The U.S. Supreme Court has given government officials the green light to obstruct citizens from voting at polling places based on the content of speech displayed on their clothing.
By refusing to hear an appeal in Ostrewich v. Hudspeth, the U.S. Supreme Court has laid the groundwork for citizens to be prevented from voting merely by wearing something expressive on their clothing that might relate to an item on a ballot. In a joint amicus brief with Justice and Freedom Fund and World Faith Foundation, The Rutherford Institute warned against electioneering laws that give government officials too much discretion to engage in viewpoint discrimination of voters. Conceivably, just the act of wearing a MAGA hat, a Taylor Swift t-shirt, or other apparel that could be perceived by a poll worker as sending a political message could get one criminally prosecuted or prevented from voting in some states.
“These polling place laws can be so vague as to prohibit citizens from voting merely for wearing clothing with images of Martin Luther King Jr. or John Lennon that could be considered ‘relating to’ an item on the ballot” said constitutional attorney John W. Whitehead, president of The Rutherford Institute and author of Battlefield America: The War on the American People. “Yet political speech, especially speech critical of the government, is a constitutional virtue, not a harm. These bans on the passive act of displaying speech, political or otherwise, at a polling place are an affront to the right to political free speech protected by the First Amendment.”
Free expression at polling places has become a contentious issue in recent years, with controversies over “ballot selfies,” the wearing of political apparel to polling places, and even apparel that does not explicitly reference candidates, ballot issues, or politics. For example, when Linda McMahon, the wife of World Wrestling Entertainment chairman Vince McMahon, ran for the U.S. Senate, there were questions over whether voters in Connecticut could be turned away for wearing WWE merchandise. In Georgia, a man was ordered to remove his NRA hat while going to vote. In Texas, it is a criminal misdemeanor for a person to merely wear a badge, insignia, emblem, or other similar communicative device “relating to” a candidate, measure, or political party appearing on the ballot, or to the conduct of the election, within the polling place or within 100 feet of any outside door through which a voter may enter.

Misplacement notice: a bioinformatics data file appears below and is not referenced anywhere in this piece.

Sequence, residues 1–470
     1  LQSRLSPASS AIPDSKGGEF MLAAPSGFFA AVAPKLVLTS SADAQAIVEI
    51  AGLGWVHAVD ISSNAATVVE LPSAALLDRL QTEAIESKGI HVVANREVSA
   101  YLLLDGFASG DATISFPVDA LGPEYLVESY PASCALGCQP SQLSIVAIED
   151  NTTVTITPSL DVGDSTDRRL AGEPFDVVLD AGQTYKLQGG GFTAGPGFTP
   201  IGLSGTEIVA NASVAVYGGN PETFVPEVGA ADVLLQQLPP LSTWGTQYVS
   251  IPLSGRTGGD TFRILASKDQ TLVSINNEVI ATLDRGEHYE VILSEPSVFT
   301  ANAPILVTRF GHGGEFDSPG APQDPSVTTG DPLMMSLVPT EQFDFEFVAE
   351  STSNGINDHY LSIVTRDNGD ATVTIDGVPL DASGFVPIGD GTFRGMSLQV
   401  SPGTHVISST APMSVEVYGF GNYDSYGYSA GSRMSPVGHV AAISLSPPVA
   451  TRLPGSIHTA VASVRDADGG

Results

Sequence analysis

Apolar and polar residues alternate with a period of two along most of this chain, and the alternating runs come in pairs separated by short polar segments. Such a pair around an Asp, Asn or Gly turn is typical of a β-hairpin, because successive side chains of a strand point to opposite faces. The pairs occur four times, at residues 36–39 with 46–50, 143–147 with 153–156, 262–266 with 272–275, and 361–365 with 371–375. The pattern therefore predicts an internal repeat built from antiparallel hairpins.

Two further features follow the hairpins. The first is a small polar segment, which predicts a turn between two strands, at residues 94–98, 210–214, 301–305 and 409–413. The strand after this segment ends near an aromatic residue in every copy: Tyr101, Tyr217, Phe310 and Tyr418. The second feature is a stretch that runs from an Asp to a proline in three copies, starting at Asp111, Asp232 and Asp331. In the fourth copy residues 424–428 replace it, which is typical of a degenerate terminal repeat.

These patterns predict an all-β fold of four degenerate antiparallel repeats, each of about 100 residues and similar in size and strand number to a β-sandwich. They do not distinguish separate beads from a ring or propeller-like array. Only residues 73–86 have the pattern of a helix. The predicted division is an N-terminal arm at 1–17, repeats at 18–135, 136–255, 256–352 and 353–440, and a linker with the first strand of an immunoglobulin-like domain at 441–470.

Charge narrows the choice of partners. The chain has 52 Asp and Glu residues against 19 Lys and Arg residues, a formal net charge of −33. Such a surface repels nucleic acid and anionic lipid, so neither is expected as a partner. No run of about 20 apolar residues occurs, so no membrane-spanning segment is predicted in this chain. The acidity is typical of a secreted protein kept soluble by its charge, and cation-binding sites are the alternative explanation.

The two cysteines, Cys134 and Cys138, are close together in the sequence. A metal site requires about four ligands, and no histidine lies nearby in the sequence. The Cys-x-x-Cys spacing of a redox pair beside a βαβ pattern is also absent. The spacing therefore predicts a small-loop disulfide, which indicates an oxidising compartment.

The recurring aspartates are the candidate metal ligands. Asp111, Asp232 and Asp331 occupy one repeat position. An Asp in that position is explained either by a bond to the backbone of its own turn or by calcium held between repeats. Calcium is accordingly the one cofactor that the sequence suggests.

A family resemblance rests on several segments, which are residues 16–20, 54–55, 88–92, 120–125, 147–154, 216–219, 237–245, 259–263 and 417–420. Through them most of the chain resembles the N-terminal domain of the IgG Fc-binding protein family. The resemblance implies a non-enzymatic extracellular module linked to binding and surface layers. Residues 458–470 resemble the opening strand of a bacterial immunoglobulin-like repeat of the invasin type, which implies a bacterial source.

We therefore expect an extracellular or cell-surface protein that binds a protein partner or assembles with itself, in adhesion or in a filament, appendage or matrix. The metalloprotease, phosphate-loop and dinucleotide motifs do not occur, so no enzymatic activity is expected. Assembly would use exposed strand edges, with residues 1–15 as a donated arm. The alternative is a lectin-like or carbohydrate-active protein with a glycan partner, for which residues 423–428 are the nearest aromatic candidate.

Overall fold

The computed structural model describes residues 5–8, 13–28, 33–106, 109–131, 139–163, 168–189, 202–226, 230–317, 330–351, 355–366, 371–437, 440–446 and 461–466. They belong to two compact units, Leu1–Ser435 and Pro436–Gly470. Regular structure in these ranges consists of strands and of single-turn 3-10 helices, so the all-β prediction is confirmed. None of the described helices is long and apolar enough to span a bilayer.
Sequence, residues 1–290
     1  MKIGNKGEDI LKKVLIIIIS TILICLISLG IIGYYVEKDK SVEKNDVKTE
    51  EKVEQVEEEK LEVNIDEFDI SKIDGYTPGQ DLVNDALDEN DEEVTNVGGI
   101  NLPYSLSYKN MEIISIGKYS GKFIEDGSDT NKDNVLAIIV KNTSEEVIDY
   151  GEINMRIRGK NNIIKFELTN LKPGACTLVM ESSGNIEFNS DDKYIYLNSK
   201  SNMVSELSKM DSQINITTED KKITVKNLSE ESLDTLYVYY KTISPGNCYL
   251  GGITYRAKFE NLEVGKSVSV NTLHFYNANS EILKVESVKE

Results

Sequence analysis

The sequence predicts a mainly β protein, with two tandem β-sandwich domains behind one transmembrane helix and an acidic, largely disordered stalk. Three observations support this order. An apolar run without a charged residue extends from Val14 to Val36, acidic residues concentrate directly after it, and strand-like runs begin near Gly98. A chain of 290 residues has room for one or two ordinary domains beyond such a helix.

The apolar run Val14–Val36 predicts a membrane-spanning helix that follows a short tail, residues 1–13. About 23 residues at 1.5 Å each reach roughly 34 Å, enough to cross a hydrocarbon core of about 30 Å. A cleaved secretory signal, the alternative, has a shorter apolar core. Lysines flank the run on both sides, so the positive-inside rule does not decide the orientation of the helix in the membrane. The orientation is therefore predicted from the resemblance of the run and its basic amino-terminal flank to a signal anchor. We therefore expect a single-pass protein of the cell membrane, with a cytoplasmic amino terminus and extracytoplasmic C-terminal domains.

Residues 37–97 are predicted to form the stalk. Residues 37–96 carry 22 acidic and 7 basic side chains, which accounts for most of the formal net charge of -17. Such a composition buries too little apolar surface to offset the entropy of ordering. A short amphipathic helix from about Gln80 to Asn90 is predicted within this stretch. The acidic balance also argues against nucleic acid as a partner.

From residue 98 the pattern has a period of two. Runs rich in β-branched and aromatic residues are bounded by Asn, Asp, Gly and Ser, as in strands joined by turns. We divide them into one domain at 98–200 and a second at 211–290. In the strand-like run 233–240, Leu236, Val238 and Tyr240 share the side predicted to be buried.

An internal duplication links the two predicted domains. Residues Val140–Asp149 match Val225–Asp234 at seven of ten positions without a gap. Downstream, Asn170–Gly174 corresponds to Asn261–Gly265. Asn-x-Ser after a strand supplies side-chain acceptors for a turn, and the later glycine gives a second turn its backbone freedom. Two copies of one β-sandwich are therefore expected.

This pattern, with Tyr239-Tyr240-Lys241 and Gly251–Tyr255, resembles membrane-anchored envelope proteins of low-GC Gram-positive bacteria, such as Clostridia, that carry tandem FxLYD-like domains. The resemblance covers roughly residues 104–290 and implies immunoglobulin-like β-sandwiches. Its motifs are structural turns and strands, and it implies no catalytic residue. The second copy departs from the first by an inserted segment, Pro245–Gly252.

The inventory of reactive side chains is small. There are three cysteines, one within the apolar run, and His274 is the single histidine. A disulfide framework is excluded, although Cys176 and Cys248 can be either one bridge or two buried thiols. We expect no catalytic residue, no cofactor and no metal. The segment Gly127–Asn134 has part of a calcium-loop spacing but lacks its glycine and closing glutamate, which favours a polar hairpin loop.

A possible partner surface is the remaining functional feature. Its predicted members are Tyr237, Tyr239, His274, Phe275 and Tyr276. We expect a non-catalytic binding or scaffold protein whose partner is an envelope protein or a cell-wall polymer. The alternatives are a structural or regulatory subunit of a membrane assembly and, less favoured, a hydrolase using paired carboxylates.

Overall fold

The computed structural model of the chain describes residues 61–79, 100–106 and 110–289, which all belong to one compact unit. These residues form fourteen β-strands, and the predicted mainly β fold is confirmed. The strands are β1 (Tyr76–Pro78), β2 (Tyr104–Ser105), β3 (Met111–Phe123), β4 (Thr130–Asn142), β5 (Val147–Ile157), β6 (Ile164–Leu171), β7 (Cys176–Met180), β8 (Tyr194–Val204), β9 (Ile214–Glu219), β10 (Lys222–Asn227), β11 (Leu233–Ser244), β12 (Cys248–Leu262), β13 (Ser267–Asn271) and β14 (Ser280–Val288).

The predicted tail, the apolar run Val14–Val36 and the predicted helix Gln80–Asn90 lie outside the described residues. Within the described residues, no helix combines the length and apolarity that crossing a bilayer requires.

In 2018, Jillian Ostrewich, the wife of a firefighter, was prevented from voting while wearing a shirt that contained a union logo and the words “Houston Fire Fighters” because the ballot contained a proposition to guarantee Houston’s firefighters pay parity with the city’s police officers. In order to vote, Ostrewich had to turn her shirt inside-out. Ostrewich subsequently filed suit, alleging that she was unconstitutionally censored and that Texas’s electioneering laws chilled her right to free speech. However, the Fifth Circuit Court of Appeals found the laws to be constitutional. Although the Supreme Court ruled in 2018 to strike down as unconstitutionally vague a Minnesota law that banned political speech on any badge, button, shirt, or hat worn at election polling stations, the Court refused to hear the appeal in Ostrewich, letting that ruling stand and thus allowing for such laws with a slightly narrower scope than Minnesota’s to continue to be enforced.
Attorneys Deborah J. Dewart and James L. Hirsen of the Justice and Freedom Fund helped advance the amici arguments in the Ostrewich v. Hudspeth brief.